With technological improvements in printing, and eventually with photographic reproductions, reference examples of Poe’s handwriting in these forms became more and more common. A set of Poe’s letters to E. H. N. Patterson, beautifully printed in 1898 as facsimiles in rich brown ink on Japan paper, have sometimes been mistaken for originals.
Authentication of Edgar Allan Poe Manuscripts
Authenticating historical documents is not for the faint of heart. Even scholars should focus on subjects within their area of specialty. Authentication must be approached with a wide range of skills and expertise, and more than a dose of humility. Much of the evidence is necessarily subjective, and it must also be acknowledged that there is an inherent imbalance in the argument over a document’s authenticity purely judging by a document itself. It may be possible to form a strong, even conclusive case against authenticity, but the case in favor is chiefly an absence of the case against it. Whenever possible, external evidence should be sought, ideally a verifiable chain of ownership, but attempts to establish such additional documentation are not without their own perils.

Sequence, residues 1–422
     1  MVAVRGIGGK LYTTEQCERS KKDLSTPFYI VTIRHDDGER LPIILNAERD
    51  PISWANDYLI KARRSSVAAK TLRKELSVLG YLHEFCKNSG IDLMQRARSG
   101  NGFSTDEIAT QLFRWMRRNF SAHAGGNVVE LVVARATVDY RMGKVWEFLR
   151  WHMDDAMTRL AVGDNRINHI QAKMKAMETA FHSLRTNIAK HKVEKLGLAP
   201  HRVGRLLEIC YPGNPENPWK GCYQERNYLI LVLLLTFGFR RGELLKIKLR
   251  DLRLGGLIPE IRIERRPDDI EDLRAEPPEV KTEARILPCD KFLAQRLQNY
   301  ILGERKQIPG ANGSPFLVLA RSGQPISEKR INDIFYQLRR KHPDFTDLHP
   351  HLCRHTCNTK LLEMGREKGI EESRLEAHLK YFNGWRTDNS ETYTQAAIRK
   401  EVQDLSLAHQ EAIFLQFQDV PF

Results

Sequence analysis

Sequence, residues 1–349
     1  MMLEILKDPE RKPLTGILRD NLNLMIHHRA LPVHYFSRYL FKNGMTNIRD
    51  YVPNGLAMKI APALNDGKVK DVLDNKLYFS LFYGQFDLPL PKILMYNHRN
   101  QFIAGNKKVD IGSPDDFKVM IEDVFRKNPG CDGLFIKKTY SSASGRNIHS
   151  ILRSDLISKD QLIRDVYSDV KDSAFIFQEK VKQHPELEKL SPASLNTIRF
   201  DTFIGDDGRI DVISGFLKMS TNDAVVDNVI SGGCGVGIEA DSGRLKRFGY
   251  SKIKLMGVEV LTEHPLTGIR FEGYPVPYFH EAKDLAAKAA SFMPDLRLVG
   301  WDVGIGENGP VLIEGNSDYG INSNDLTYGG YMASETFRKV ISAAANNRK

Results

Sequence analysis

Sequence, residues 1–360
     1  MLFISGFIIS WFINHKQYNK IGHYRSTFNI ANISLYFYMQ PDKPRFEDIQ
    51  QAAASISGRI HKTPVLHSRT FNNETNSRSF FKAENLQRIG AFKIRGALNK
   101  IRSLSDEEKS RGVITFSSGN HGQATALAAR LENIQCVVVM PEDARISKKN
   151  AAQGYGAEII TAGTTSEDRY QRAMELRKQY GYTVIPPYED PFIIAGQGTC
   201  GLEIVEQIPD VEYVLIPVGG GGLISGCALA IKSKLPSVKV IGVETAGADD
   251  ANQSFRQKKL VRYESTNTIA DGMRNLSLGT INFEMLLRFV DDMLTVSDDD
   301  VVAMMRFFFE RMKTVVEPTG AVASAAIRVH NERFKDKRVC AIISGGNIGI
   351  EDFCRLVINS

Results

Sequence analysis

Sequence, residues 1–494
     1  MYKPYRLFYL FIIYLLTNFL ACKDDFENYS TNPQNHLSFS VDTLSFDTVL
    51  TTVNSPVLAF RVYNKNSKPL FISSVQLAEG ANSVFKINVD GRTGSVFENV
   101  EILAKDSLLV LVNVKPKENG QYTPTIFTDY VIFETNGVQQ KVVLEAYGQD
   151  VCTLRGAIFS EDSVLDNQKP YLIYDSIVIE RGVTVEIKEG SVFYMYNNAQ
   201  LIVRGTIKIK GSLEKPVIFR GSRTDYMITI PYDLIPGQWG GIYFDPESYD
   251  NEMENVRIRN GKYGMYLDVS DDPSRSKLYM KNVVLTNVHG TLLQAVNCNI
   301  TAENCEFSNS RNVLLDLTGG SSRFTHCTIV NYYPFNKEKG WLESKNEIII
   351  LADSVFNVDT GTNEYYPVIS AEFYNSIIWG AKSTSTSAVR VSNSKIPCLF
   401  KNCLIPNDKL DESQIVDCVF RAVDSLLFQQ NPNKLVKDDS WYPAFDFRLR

Even experienced scholars can make errors in provenance. The only surviving manuscript of Poe’s poem “The Bells,” now in the Morgan Pierpont Library in New York, has been known since at least 1884, when a facsimile was inserted as an illustration in a multi-volume edition of Poe’s writings. The revered Poe scholar Thomas Ollive Mabbott, in his definitive edition of Poe’s poems, stated confidently that the manuscript was the one that Poe sent to Sartain’s Magazine for publication, and specifically dismissed “a manuscript of ‘The Bells’ in Annie's family” with the statement that it “probably represents confusion of memory” (Mabbott, Poems, 1969, p. 439, n 17).
A portion of Poe's "The Bells" only authentic surviving manuscript.
That assumption remained as authoritative until 2012, when I traced the trail of ownership and provided a conclusive case that it was indeed the manuscript that Poe had sent to Mrs. Annie Richmond, or to her brother, Bardwell Heywood (“Bells, Bells, Bells, Bells, Bells, Bells, Bells,” Poe Studies, 45:108-109). While the manuscript is still authentic, it shows the importance — and challenge — of establishing provenance.
Having deeply studied Poe’s life and writings for more than a decade, I somewhat reluctantly dipped my toe into the field of detecting Poe forgeries in 2000, when, along with my co-editor, Burton R. Pollin, I began an eight-year project to revise and update the standard edition of Poe’s letters.
Since the original edition of 1948, new letters had appeared and questions had been raised about some entries. In many cases, it was necessary to render decisions only based on poor photocopies or nothing more than text, where originals could not be located or accessed. It was a daunting task, but also very good training.
Authenticating "The Conqueror Worm”